“Be careful what you wish for”, followed by “it might just come true” is an ironic maxim concerning the perils of wishing without grasping unintended consequences.
First, we need to stipulate that wishing for something is relatively synonymous with desiring, expecting, hoping and praying for something. Next, is there a fundamental source for all these sentiments?
We feel a visceral need, which stimulates thought that creates a story that conforms to that need. Thus, primal need is the lowest common denominator for those rather synonymous sentiments above. Next, we expect reality to match the story. This feeds back on the larger framework of cherished ideals developing within us since childhood.
Finally, how do we feel when our wish for a certain result falls through? Not happy! As Buddha said, Painful is the craving for that which cannot be obtained and pleasures are the bait, the result is pain. Therefore, “Be careful what you wish for, it will be the source of your suffering”.
The core ideals we cherish help determine what we wish for in life. This sets up the potential pitfalls that lie ahead. My experience in the stock market serves as an example. It plunged and decimated the value of our stock. If my core ideal were to make money, this crash would have been very painful. As it happens, my core ideal is patience and balance. The plunging stock market actually handed me a good opportunity to ‘practice what I preach’ — another core ideal of mine.
Therefore, we can improve the maxim further: “Take care in what you idealize to limit future suffering.” That is the value of embracing so called spiritual principles as sincerely as possible. They counterbalance the more-is-better urge that pushes us to get all we can as quickly as possible. (See How the hoodwink hooks, p.100.) Christ put it well, Lay not up for yourselves treasures upon earth, where moth and rust doth corrupt, and where thieves break through and steal. But, lay up for yourselves treasures in heaven, where neither moth nor rust doth corrupt, and where thieves do not break through nor steal. For where your treasure is, there will your heart be also. That last line says it all.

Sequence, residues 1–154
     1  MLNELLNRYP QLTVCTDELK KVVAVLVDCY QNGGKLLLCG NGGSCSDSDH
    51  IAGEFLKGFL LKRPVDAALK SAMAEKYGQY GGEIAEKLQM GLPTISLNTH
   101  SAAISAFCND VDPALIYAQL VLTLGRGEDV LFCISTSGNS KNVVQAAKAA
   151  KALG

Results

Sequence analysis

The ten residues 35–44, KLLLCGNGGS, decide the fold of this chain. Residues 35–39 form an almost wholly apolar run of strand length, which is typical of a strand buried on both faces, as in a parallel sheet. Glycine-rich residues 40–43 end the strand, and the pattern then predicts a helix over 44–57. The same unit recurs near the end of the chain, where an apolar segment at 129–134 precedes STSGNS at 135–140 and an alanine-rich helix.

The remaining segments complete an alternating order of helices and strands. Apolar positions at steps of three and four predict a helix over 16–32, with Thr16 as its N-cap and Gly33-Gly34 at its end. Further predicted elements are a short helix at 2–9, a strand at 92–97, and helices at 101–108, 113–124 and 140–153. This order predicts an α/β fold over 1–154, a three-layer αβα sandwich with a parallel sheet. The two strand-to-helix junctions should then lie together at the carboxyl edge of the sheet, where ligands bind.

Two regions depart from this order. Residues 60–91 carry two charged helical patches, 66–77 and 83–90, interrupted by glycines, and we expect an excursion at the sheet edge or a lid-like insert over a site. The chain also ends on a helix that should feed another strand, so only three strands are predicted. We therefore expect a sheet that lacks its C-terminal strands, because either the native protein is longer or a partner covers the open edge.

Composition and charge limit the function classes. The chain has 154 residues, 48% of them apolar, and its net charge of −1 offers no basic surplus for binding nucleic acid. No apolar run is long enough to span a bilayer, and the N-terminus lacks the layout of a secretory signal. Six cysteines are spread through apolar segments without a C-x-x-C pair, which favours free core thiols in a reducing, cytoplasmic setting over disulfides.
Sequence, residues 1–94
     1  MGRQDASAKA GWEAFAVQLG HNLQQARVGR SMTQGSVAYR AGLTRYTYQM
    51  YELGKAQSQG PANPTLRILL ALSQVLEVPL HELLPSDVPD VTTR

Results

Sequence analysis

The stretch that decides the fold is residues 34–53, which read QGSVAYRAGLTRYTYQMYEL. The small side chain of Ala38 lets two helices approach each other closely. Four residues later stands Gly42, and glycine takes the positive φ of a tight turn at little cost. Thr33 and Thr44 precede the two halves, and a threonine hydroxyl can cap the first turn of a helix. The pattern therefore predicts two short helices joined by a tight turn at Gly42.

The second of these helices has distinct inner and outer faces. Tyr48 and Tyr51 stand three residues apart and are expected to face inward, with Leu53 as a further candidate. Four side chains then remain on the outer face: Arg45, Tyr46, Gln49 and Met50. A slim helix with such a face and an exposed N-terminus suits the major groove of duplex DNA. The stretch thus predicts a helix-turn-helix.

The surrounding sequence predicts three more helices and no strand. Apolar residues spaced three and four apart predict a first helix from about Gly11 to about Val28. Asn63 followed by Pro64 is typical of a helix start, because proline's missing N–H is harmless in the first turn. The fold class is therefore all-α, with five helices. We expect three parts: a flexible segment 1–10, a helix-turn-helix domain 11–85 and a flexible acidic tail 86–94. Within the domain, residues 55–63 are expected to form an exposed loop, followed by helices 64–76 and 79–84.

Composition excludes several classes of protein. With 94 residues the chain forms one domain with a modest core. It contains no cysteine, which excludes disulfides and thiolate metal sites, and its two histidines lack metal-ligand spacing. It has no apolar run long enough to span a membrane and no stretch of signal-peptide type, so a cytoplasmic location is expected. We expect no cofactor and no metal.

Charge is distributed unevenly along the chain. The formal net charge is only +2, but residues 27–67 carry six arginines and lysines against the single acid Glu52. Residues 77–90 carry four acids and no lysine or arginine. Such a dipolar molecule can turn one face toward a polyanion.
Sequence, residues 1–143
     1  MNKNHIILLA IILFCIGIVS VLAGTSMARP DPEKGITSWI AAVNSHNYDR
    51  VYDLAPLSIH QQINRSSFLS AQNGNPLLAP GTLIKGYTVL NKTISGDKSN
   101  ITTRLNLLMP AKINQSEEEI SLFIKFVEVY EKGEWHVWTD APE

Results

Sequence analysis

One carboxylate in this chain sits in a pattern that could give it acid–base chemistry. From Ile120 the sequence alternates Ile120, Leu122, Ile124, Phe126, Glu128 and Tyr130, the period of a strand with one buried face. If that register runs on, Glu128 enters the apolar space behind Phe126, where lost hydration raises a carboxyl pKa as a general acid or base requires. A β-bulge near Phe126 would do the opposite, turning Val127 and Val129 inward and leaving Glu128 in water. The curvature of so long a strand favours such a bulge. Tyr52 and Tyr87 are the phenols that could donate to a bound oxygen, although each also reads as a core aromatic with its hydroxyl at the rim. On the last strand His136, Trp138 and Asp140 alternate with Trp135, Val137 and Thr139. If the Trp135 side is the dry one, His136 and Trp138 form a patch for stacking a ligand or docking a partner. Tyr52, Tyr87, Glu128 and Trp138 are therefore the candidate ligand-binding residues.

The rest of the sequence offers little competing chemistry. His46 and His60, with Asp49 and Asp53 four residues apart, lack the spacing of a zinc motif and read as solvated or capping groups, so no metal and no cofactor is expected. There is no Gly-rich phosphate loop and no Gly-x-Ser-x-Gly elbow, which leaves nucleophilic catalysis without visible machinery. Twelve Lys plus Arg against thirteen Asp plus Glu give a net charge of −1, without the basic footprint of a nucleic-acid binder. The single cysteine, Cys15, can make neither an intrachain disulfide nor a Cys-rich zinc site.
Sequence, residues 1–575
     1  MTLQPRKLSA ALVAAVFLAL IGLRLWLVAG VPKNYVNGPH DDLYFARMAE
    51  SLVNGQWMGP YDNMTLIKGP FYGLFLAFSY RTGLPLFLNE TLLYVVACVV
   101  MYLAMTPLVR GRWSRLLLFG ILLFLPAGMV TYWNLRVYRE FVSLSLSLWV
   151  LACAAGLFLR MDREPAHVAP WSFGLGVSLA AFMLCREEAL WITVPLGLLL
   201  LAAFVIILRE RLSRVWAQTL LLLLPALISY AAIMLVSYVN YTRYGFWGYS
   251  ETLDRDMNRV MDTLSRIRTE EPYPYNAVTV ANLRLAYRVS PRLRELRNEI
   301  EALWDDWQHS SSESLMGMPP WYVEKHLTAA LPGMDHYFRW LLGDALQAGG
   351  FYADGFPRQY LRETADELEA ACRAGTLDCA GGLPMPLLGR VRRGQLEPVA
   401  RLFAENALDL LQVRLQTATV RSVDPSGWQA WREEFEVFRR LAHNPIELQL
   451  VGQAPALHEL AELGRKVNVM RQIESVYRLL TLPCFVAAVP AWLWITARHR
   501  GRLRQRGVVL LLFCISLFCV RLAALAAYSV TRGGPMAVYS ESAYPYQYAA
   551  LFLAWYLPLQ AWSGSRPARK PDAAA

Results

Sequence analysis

Speaking of being careful of what we wish for
Grover Norquist advocates never increasing taxes. Many regard this view extreme, including me. On the other hand, he points out that raising taxes is what politicians do instead of governing or making hard decisions. He is correct historically. In a democracy, people wish for things and vote for politicians who promise to deliver them, preferably without raising taxes. Later, when the chickens come home to roost, we naturally and irrationally blame scapegoats (e.g., corporations, politicians), but in a democracy the buck stops with ‘we the people’. Well… that is the dilemma! Chapter 70 speaks to this irony, Our words are very easy to know, very easy to do. Under heaven none can know, none can do.
Modern culture increasingly appeases our innate urge to get something (benefits) for nothing (no taxes) if possible. Nature is a pay as you go scheme, so such expectations normally run counter to reality in the wild. There, windfalls are rare, yet when they occur, the natural urge to seize them is healthful.
In modern times, we have contrived clever ways to borrow from the future to make up for the deficit of today… in a kind of perpetual, albeit artificial and unbalanced windfall. Generally, people the world over are innately incapable of paying as they go unless compelled to do so by circumstances—nature.
The naïve wish to get things ‘today’ and pay for them ‘tomorrow’ supports Norquist’s position. Yet, this also means Norquist’s plan is doomed. Taxes will go up… but spending will outstrip any tax increase in the end. Getting more for less is an instinctive urge, and so impossible to pass up let alone eliminate. As chapter 16 cautions us, Answering to one’s destiny is called the constant, knowing the constant is called honest. Not knowing the constant, rash actions lead to ominous results.